Aspirin – Revisited

A Very Old Drug Put in Perspective
Regular strength enteric coated aspirin tablets. [Representational Image]
Regular strength enteric coated aspirin tablets. [Representational Image]Wikimedia Commons/

Aspirin is a household name all over the world. This tablet contains acetyl salicylic acid. Interestingly it was historically extracted from willow park but is also contained in several other plants. There is a mention of this agent from times immemorial from 2000 BC “Third dynasty of Ur”.

However, its wide availability in the market was brought out by Dr Felix Hoffmann, a German Chemist for synthetizing it. It is speculated by many that Dr Hoffmann did it under the guidance of Arthur Eichengrun, who first published it in a scientific forum. Dr Arthur was an ex-employee of Bayer pharmaceuticals.

Bayer patented it in 1899 and is still selling it worldwide as Bayer Aspirin. It is off patent for several decades now and is manufactured by several companies. It is one of the cheapest remedies for fever and pain at a cost of 60 paise per pill.

The dose needed is 300 to 150 mgs repeated a few times per day till required. It is also invaluable in treating acute rheumatic fever and associated joint inflammation, where it is needed in much higher doses for 4 to 6 weeks. Corticosteroids are often preferred for this because of more pronounced effect and being much more palatable.

Its use as a pain killer and fever treating medicine has declined considerably after the availability of paracetamol and ibuprofen and a host of non-steroidal analgesics.

Aspirin as a Blood Thinner:

It was in 1971 that a British pharmacologist Dr john Robert Vane     discovered the property of suppressing the prostaglandins and thromboxane. For this he received Nobel prize in physiology and medicine in 1982. This property of inhibiting the platelet aggregation makes it a very useful agent for treating heart attacks, unstable angina, ischemic strokes and in preventing clot formation after putting in stents in the coronary arteries. A single tablet of aspirin administered within an hour of the onset of a heart attack can reduce the mortality by 20% and is thus strongly encouraged. Following a heart attack, after bypass surgery or angioplasty it is used indefinitely to prevent another event. This is called secondary prevention.

Interestingly all this is achievable at a low doses of 75 to 100 mgs per day. It is often combined with drugs like clopidogrel, ticagrelor or prasugrel for 6 to 12 months (dual anti-platelet therapy) after an angioplasty or bypass surgery. However, aspirin is continued indefinitely.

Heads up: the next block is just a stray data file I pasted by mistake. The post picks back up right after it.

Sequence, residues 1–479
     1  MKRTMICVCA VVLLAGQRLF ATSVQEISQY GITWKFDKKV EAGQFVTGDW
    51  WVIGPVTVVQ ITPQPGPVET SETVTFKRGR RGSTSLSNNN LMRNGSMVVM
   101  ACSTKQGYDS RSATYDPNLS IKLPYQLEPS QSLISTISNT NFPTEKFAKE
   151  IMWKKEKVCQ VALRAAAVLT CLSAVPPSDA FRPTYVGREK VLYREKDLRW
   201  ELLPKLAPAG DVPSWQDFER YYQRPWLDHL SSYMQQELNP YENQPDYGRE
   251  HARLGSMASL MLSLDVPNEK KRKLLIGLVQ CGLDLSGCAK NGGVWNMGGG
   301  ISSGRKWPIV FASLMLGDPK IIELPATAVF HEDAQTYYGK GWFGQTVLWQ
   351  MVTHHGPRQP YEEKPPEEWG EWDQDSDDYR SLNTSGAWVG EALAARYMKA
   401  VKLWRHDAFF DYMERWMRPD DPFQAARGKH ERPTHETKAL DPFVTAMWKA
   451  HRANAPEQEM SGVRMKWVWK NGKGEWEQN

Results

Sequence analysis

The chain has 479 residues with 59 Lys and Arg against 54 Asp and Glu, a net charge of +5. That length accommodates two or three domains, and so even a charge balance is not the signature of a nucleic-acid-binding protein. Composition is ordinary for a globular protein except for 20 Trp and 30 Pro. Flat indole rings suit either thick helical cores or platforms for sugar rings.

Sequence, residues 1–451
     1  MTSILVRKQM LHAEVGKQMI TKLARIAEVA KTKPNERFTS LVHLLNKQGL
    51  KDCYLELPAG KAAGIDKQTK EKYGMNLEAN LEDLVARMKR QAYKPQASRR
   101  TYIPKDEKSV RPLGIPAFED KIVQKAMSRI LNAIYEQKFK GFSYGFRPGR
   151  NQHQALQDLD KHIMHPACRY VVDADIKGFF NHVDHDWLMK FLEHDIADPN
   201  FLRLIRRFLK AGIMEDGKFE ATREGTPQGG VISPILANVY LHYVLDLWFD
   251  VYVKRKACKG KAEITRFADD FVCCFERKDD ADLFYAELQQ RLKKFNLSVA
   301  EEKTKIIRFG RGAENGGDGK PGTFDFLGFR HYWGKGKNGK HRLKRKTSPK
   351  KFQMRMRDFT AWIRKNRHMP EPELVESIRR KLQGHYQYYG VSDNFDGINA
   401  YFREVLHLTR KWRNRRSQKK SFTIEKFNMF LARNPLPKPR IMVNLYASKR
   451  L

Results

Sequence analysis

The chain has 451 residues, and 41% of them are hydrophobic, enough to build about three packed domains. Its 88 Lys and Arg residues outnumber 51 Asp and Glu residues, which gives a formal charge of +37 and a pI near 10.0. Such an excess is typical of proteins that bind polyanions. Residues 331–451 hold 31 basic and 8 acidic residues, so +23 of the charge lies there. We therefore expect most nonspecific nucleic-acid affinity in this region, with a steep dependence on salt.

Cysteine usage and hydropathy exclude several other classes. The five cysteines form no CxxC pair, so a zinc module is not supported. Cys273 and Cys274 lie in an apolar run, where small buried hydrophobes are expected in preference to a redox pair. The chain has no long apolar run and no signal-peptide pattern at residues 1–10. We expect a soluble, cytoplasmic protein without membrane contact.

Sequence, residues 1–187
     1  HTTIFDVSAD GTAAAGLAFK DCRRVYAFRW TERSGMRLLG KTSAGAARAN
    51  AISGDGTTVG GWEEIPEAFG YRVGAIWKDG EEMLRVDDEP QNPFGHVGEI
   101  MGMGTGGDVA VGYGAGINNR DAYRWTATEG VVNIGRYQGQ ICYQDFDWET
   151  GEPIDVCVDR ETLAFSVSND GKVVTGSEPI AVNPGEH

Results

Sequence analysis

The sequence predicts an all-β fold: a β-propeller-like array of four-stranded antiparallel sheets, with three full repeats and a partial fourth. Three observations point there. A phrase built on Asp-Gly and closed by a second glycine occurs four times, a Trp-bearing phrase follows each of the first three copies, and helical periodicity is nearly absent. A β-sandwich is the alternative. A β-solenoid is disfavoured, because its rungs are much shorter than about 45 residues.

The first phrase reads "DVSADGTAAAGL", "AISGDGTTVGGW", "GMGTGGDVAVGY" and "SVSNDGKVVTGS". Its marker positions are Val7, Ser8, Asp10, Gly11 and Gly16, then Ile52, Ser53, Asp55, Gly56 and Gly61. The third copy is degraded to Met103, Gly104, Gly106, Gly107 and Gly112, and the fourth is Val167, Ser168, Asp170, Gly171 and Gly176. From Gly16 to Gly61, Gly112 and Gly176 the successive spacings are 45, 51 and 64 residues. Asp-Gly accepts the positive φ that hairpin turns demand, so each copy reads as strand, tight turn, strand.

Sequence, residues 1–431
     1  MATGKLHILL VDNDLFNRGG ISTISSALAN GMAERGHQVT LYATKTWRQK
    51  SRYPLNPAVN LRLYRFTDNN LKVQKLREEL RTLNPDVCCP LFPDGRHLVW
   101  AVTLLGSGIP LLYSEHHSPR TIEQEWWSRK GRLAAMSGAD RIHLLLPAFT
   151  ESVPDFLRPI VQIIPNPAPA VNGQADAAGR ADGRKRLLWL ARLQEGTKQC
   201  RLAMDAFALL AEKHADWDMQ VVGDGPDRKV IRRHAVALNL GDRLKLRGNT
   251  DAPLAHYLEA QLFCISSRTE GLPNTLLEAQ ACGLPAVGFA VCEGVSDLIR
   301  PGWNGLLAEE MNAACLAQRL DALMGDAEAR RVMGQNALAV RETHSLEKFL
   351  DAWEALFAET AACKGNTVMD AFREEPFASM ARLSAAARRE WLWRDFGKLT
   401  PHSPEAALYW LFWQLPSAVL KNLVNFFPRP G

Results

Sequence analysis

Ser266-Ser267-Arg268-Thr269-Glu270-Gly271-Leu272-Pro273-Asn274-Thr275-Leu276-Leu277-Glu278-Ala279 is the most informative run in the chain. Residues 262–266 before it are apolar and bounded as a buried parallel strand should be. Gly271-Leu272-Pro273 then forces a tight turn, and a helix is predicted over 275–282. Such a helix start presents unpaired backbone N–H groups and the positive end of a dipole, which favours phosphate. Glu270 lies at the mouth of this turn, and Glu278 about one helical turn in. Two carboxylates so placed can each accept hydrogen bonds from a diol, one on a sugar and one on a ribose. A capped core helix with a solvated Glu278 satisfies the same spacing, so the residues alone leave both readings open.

ASPIRIN for Preventing a Heart Attack

This had become a common indication especially in high-risk persons like diabetics, elderly, persons with a family history of vascular events etc.However, in the last decade a number of well-designed trials have made this indication controversial. While the drug does confer some benefit but its adverse effects of increasing bleeding often nullify it. it is not recommended for general use. The risk benefit is to be weighed by the treating physician before recommending it in a given person for primary prevention.

Thus, the dictum “An aspirin a day keeps doctor away” is no longer considered true. The other down sides of aspirin can be stomach intolerance, bronchial asthma, allergy and resistance.

Miscellaneous uses of Aspirin and current status:

Prevention of cancers, especially Colo-rectal, breast, endometrial and prostate cancers. This belief based upon small studies persisted ill recently when a large study of 2018“ASPREE” showed it was not true and if at all there was an increase. Therefore,it no longer is recommends for this use.

Its use in bipolar disorders and depression based upon small series has been negated by large meta-analysis on this subject. Likewise, its role in dementia and schizophrenia has not been sustainedby specific studies.

Its utility in retinal vein thrombosis a serious vision disorder due to thrombosis once widely advocated has been questioned and no longer recommended. In fact, the Royal College of Ophthalmologists has also not recommended  it and described it as potentially harmful.

Interactions with other drugs:

Aspirin can alter the potency of several anti-diabetics, anti-coagulants like warfarin and corticosteroids and this needs to be kept in mind. 


Acetyl salicylic acid though known to mankind since 2000BC became available as a tablet for around 125 years now.It has been largely replaced by other drugs for managing fever and pains. Most of its other uses have declined considerably because of several better evidence-based molecules becoming available. Despite its antiquity it is however still one of the essential and sheet anchor drugs in the long-termmanagement of heart attacks and vascular events. Another place which is its forte is after coronary artery bypass surgery and angioplasty alone or in combination with other blood thinners.

DISCLAIMER: The views and opinions expressed in this article are the personal opinions of the author.

The facts, analysis, assumptions and perspective appearing in the article do not reflect the views of GK.

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